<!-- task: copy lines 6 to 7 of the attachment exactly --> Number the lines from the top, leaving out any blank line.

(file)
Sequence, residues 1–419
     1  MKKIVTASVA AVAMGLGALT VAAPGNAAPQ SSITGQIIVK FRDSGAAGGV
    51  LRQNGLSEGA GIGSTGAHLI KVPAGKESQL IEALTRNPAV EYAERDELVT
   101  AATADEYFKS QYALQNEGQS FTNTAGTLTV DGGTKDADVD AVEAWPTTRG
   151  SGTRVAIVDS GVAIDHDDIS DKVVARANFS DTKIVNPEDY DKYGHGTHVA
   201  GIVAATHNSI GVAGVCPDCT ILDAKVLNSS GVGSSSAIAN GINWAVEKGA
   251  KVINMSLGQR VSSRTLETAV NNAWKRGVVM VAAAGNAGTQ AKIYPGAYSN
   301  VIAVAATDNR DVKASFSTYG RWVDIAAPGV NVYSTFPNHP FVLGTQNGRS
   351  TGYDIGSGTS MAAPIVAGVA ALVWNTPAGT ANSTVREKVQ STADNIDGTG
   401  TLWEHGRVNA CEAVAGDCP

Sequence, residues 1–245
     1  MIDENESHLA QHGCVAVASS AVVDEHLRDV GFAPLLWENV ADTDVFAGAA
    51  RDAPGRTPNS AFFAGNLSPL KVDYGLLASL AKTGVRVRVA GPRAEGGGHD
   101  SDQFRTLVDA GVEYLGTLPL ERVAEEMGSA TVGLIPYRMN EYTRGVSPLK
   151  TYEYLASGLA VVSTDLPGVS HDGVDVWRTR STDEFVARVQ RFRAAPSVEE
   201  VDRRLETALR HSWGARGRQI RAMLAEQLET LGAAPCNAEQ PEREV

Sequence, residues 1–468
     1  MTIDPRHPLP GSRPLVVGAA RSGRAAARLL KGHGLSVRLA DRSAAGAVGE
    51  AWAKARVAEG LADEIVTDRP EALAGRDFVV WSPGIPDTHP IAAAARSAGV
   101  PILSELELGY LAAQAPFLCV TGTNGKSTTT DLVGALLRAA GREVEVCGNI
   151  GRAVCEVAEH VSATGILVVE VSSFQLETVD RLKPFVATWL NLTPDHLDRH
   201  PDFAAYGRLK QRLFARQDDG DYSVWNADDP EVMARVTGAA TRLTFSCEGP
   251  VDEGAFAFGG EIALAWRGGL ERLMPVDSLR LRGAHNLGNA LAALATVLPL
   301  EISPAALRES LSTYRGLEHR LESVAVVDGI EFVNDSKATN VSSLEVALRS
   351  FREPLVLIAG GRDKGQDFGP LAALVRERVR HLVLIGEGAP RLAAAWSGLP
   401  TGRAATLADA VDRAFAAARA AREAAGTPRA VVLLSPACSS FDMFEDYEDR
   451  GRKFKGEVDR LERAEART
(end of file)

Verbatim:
   201  GIVAATHNSI GVAGVCPDCT ILDAKVLNSS GVGSSSAIAN GINWAVEKGA
   251  KVINMSLGQR VSSRTLETAV NNAWKRGVVM VAAAGNAGTQ AKIYPGAYSN